People have various reasons for using idiomatic expressions. What's yours?
Using idioms makes speaking more colorful. And with their daily usage over the centuries, these idioms have had their meanings transformed. To take them literally is a huge mistake. Their original meanings, no matter how literal, do not apply to modern usage anymore. Since these idiomatic expressions already became common phrases used in everyday language, they now serve a different purpose.
Aside from making our language or word usage very colorful, these common phrases can also disguise some of the things we intend to say to someone. To disguise here means to not say things directly, especially if it will sound confrontational or hurtful. For example, if you want to say you're losing patience, you can use the idiomatic expression "that's the last straw." This is somewhat connected to the saying "the straw that broke the camel's back" which pertains to the last contributing factor to someone's breakdown or someone getting very angry.
With so many of these common phrases being used over and over, can you tell what they really mean? Come on; this is going to be a piece of cake!
To "get cold feet" means to suddenly feel doubtful or fearful of something, usually when someone is about to do something, then retreats from doing so. It's like a movement toward retreating, or the feet are symbolically frozen to inaction.
"To kiss and make up" is what two people can do after a fight if they want to reconcile and be at peace with each other. It's a way of suggesting that they should settle whatever conflict or disagreement they have.
When someone is said to have "kicked the bucket," it means the person died. It's interesting to relate this common phrase to another death-themed one: "bucket list," which pertains to someone's "to-do list" and the goal of accomplishing everything on the list before dying.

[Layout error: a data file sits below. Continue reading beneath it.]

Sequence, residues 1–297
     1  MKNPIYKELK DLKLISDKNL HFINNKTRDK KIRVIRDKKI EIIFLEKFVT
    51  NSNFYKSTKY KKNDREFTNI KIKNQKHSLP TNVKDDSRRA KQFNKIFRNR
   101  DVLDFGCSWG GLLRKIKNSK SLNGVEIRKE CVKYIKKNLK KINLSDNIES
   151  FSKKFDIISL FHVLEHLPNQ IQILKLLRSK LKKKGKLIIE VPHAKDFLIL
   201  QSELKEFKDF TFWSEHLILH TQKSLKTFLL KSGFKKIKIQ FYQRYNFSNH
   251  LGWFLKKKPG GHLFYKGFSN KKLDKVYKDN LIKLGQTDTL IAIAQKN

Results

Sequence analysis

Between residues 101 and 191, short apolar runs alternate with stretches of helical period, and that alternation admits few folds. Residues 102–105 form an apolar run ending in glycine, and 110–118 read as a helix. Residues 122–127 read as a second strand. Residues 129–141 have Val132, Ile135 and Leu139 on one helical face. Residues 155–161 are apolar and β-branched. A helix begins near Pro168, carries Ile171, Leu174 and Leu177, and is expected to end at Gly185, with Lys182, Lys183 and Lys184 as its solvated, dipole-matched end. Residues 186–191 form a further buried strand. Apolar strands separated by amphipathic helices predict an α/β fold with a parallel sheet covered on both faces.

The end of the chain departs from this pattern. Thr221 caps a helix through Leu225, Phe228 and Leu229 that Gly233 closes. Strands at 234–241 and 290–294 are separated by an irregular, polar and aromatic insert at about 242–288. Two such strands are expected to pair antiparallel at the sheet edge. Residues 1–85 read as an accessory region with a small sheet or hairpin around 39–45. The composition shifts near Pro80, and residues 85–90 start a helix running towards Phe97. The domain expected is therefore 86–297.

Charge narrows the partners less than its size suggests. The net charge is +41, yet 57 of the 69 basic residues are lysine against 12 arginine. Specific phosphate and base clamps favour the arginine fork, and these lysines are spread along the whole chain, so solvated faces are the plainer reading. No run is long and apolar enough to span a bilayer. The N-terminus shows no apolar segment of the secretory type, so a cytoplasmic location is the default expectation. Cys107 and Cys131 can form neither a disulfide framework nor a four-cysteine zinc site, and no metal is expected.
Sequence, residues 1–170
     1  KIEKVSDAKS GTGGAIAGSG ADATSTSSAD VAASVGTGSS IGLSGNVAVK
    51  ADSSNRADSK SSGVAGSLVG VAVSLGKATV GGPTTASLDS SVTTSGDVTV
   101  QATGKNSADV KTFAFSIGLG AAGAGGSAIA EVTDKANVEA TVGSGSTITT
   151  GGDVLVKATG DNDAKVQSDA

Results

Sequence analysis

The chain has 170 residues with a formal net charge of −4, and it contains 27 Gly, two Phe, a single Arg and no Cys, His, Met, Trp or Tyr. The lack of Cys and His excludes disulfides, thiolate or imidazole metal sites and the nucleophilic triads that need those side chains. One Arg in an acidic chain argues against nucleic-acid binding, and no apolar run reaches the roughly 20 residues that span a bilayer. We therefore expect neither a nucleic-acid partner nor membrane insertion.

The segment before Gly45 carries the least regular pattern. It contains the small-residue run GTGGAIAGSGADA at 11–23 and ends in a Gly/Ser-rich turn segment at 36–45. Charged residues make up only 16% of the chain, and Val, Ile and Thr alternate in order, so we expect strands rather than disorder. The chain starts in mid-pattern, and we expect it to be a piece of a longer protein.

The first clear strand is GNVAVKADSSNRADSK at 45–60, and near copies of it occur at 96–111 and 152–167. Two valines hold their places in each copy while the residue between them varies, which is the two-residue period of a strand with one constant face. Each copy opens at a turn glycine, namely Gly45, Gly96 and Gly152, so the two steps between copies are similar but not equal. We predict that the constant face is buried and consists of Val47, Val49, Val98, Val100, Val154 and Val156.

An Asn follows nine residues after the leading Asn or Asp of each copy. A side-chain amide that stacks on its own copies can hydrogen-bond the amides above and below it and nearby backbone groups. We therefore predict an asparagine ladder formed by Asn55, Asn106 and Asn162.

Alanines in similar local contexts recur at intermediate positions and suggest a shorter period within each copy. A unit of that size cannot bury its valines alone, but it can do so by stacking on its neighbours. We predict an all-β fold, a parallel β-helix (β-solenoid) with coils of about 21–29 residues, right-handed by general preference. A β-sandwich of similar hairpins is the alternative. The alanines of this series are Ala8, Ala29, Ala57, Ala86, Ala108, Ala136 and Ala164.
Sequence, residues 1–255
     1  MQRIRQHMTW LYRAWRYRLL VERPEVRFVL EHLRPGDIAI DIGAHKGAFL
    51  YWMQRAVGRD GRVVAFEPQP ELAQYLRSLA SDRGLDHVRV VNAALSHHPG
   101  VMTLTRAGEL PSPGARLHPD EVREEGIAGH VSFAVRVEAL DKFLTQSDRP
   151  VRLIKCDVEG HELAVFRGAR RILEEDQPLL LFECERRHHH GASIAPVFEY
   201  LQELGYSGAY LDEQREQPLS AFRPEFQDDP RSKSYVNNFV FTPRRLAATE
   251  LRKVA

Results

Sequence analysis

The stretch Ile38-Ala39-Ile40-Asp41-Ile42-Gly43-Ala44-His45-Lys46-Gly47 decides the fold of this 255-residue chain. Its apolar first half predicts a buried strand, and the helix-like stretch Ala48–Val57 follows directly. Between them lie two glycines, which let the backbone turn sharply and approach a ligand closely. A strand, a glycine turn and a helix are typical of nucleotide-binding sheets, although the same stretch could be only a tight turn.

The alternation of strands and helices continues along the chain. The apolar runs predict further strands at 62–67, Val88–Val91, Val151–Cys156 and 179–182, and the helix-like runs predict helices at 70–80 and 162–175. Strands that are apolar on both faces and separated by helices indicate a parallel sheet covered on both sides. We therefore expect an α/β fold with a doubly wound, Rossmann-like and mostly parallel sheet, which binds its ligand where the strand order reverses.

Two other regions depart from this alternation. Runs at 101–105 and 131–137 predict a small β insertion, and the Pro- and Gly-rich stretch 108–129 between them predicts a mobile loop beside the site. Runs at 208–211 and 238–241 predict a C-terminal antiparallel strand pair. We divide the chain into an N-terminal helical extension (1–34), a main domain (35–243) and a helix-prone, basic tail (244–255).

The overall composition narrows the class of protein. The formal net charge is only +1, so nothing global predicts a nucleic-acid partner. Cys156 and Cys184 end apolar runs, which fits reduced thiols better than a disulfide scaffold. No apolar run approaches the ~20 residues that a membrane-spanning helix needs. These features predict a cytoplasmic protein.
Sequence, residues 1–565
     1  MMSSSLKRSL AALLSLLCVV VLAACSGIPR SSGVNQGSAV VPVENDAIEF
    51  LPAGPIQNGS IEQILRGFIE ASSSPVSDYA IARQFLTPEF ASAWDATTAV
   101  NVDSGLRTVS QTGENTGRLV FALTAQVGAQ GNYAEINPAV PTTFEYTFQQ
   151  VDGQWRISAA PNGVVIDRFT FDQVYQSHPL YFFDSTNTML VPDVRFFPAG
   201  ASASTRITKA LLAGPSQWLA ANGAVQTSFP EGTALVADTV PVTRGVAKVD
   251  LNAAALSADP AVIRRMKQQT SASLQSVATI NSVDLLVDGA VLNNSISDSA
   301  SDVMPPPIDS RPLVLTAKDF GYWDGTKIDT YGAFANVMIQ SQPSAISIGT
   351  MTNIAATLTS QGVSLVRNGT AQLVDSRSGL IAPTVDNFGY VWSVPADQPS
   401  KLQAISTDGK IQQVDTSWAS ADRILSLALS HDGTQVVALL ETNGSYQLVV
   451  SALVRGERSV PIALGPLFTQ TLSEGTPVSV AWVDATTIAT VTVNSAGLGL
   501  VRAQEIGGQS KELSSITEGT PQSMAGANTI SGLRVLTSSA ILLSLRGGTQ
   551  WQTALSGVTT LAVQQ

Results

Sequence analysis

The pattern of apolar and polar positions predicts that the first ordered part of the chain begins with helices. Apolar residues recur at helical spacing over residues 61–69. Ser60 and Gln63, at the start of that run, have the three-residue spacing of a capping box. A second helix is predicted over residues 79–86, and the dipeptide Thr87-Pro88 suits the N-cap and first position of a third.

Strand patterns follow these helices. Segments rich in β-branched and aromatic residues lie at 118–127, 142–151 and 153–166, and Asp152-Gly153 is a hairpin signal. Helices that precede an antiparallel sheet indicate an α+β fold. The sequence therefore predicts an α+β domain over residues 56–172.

When a piece of information is passed on from person to person, that indicates being passed on "by word of mouth." This often has a positive connotation because to pass on information in this informal manner, is like passing on a personal recommendation, like making a testimonial.
"Amateur hour" pertains to anything done by people who lack skills or talent in a certain domain, or its execution is very poor and unprofessional. This term may have originated in the broadcast industry where certain U.S. radio shows would hold an "amateur hour" to air non-professional performers.
When you are the "apple of my eye," it means you are much appreciated and treated as a favorite. People use this term to refer to those they are extremely fond of, and not necessarily in a romantic way.
To "reinvent the wheel" signifies a rather futile effort, since it means trying to do something that has already been done, or trying to improve upon something that doesn't really need improving. In both circumstances, the result is a waste of effort, time, and resources.
When you "toot your own horn," it means you're bragging about your achievements or honors, or whatever it is that you think merits bragging about. To be proud of an achievement is one thing, but to brag about it is another, and that's more negatively received.
To be very well-dressed in a rather formal way, to the point of being flamboyant at times, is what it means to be "dressed up to the nines." A related common phrase is being "dressed to kill," which also means to dress up in a stylish or elegant manner, or to be very fashionable.